Sunday, 11 December 2016

Ghosts, Spooks and Spectres

Charles Molin (ed)
Puffin Books

A collection of horror stories, many with a humorous turn.

One of the real joys of reading for me these days is cracking open another of these anthologies of late 19th / early 20th century ghostly fiction especially when it turns out to be full of stories I've not read before.  This one transpires to be a really nice cross section of the famous and the less so with Wilde, Dickens and Wells rubbing shoulders with folks such as Dora Broome and Richard Bartram.

The book opens with the venerable Oscar Wilde and his lovely tale of penance paid as a thoroughly modern American family drive the resident spirit to despair in 'The Canterbury Ghost', a story I must have read before as many years ago I read the complete works of Mr. Wilde but I had no memory of whatsoever.

Next up is one of several anonymous stories, none of which really bear much scrutiny but here goes. 'Teeny-Tiny' tells of a stolen bone and the disembodied voice demanding it's return, 'The Strange Visitor' is a truly dreadful piece of poetry, 'A Ghostly Wife' finds a ghost taking the place of a Brahman's wife whilst 'The Ghost- Brahman' finds the husband being replaced.  The final one, 'The Ghost Who Was Afraid of Being Bagged' is a silly folk tale about a barber tricking a gullible spirit into helping improve his fortunes and is easily the best of the five but as I said none are really worth the bother.

J. Sheridan Le Fanu
Charles Dickens is represented by one of his most famous and ubiquitous stories, 'The Signal-man', the story of a man haunted by a ghostly figure at the head of a railway tunnel whose appearance precedes a disaster of some kind.  This is followed by J.Sheridan Le Fanu's 'Madam Crowl's Ghost' where a young girl hired to work in the house of the dying Madam Crowl experiences several terrifying events that eventually bring forth the grim truth about the old lady.

Richard Bartram's 'Legend of Hamilton Tighe' is the second, and thankfully last, poem in the book.  Now, I'm not averse to poetry but this was a load of old 'dum-de-dum-de-dum' tosh but it's nautical theme does filter nicely in Captain Marryat's tale of the Flying Dutchman, 'The Phantom Ship'.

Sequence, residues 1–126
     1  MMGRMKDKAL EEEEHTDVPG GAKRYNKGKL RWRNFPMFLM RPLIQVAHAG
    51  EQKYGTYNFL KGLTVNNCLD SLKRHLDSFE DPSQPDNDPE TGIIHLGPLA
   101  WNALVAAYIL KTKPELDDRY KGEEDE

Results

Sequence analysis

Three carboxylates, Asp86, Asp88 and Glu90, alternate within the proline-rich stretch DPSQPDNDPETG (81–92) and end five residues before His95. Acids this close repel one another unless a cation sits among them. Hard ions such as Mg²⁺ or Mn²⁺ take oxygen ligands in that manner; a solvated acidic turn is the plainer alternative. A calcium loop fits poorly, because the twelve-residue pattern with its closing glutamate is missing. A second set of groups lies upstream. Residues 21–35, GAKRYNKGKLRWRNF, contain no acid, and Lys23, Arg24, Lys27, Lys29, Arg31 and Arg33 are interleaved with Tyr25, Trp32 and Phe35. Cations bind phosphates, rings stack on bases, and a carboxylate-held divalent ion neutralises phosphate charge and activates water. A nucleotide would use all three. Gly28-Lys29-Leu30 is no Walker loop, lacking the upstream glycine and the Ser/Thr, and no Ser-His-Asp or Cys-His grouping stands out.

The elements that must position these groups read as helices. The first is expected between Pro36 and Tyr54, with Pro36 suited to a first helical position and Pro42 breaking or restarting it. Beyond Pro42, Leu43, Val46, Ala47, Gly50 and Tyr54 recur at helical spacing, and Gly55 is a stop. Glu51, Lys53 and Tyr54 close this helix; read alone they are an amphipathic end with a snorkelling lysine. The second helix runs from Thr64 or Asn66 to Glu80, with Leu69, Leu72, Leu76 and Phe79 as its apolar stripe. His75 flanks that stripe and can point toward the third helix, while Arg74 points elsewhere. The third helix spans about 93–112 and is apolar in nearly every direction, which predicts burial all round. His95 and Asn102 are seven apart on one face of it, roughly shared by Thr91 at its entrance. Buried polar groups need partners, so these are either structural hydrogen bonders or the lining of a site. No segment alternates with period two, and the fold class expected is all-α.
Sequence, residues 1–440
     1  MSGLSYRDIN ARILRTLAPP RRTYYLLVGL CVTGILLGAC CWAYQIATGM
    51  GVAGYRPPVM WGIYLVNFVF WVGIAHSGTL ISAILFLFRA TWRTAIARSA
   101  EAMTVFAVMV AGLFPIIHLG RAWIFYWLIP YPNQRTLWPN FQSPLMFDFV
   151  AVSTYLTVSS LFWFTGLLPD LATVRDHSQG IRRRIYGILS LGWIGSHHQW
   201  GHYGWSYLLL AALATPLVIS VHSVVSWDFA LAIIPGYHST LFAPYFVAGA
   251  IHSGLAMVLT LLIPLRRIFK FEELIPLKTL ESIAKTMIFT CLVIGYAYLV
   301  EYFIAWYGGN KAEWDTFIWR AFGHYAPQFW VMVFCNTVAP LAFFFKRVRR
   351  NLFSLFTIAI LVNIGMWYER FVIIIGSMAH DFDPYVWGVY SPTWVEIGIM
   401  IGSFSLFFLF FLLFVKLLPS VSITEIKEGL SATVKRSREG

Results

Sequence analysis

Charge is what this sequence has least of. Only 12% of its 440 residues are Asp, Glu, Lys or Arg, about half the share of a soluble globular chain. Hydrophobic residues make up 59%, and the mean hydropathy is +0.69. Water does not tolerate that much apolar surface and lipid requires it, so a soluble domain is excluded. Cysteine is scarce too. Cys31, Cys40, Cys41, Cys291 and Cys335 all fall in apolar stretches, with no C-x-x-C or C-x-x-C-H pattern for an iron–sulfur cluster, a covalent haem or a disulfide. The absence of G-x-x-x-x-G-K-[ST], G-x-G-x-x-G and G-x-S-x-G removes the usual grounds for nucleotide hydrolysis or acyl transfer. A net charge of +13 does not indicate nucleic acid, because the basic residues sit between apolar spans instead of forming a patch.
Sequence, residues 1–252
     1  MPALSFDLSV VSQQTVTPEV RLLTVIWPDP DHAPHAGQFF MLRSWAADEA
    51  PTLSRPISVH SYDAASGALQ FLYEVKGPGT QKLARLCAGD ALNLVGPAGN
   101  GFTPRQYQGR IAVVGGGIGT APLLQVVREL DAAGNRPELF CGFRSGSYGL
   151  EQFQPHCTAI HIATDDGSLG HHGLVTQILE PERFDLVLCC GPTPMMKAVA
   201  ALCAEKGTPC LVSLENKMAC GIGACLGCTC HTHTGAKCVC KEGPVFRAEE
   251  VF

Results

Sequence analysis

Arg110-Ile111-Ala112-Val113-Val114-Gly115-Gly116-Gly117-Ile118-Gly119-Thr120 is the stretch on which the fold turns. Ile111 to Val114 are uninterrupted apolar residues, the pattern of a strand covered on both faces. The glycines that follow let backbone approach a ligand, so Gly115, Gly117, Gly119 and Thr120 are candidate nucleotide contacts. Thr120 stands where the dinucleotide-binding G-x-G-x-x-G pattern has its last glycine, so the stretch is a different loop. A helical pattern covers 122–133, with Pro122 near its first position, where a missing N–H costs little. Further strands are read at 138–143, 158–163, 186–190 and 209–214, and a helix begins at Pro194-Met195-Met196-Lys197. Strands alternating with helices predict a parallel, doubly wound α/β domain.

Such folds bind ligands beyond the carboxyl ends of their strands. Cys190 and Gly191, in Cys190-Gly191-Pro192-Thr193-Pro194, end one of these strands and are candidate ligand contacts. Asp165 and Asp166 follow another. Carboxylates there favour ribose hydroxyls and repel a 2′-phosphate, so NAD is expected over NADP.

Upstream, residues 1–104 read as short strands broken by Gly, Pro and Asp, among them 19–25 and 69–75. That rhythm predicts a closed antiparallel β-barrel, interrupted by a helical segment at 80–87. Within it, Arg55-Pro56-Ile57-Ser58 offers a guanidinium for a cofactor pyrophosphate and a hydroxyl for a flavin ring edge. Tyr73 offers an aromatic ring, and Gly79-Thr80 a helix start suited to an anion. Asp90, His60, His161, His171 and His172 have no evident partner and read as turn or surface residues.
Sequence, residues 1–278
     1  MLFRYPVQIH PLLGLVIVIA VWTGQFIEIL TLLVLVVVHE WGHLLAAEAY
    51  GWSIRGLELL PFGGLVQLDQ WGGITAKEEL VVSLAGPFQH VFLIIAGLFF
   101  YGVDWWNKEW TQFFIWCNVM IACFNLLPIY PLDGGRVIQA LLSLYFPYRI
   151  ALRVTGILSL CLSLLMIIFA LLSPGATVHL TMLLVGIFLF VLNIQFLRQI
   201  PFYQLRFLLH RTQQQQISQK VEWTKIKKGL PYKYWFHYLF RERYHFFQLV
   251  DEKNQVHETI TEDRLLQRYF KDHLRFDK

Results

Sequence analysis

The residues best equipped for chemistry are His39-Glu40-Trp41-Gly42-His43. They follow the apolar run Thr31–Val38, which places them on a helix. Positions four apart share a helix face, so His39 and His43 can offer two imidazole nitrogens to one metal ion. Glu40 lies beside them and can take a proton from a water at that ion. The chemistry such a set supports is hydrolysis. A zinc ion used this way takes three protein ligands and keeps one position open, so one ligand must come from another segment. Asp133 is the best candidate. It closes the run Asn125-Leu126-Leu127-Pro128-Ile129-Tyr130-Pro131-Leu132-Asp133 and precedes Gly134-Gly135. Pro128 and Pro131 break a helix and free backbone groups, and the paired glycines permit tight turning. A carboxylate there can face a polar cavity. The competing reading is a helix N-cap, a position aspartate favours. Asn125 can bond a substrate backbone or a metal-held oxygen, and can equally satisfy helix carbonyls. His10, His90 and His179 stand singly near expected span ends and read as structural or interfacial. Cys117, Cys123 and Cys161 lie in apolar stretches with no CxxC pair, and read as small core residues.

H.G. Wells
Sir Arthur Conan Doyle's 'The Brown Hand' makes a fairly common appearance but it's story of a ghost seeking the return of the titular appendage is one that stands up to an occasional reread as does Richard Middleton's jokey romp 'The Ghost Ship'.  Less successful but continuing the watery theme is 'The Water Ghost' by John Kendrick Bangs which tells of the vindictive ghost of a drowned woman and the attempts to thwart her.

H.G. Wells goes for the more whimsical route as should be expected from a story titled 'The Inexperienced Ghost'.  Here a drunk man finds, berates and eventually aids a pitiful ghost he finds lurking in the corridors of his club in an amusing little ditty of a tale with an ending you can see coming a mile off.

W.F. Harvey
Dora Broome's 'The Buggane and the Tailor' has the feel of a folktale about it and, as is often the case with stories of that ilk, ends poorly.

Another author who is a regular in these books is Saki, especially in the form of his werewolf tale, 'Gabriel-Ernest' but this time out it's a story about vindictiveness and reincarnation as the titular 'Laura' continues her habit of picking on her friends husband in various forms following her demise.

R. Blakeborough's 'The Betrayal of Nance' is another folktale-esque story this time filled to the brim with betrayal, loss and attempts at redemption from beyond the grave whilst redemption is the last thing on the mind of 'The Beast With Five Fingers' as W.F. Harvey spins a terrific yarn about the murderous creature and the attempts to thwart it.

Andrew Lang
Harvey's tale is really the last hurrah of this fun collection as the final two stories, 'The Night the Ghost Got In' by James Thurber and Andrew Lang's 'The Story of Glam' are amusing but very slight in the case of the former and veering once more into pesky folktale territory with the later which is hardly surprising given his status as the author of the 25 collections of variously coloured 'Fairy Books'.

And so the book ends - for me at least - on an undeserved low note.  Undeserved because for the most part this was a thoroughly enjoyable set that offered a number of highlights whilst the few disappointments were also relatively short lived.


  1. I also have this. Puffin were the wing of Penguin devoted to children's publishing, so this is, in effect, a children's book.

    1. yeah. it's an odd idea isn't it that they'd market these often quite dry and old fashioned stories to the children of the 60s and 70s, and it wasn't just Puffin either, other kids publishers were at it too.
      I have a load of them here and they're probably my favourite part of my collection.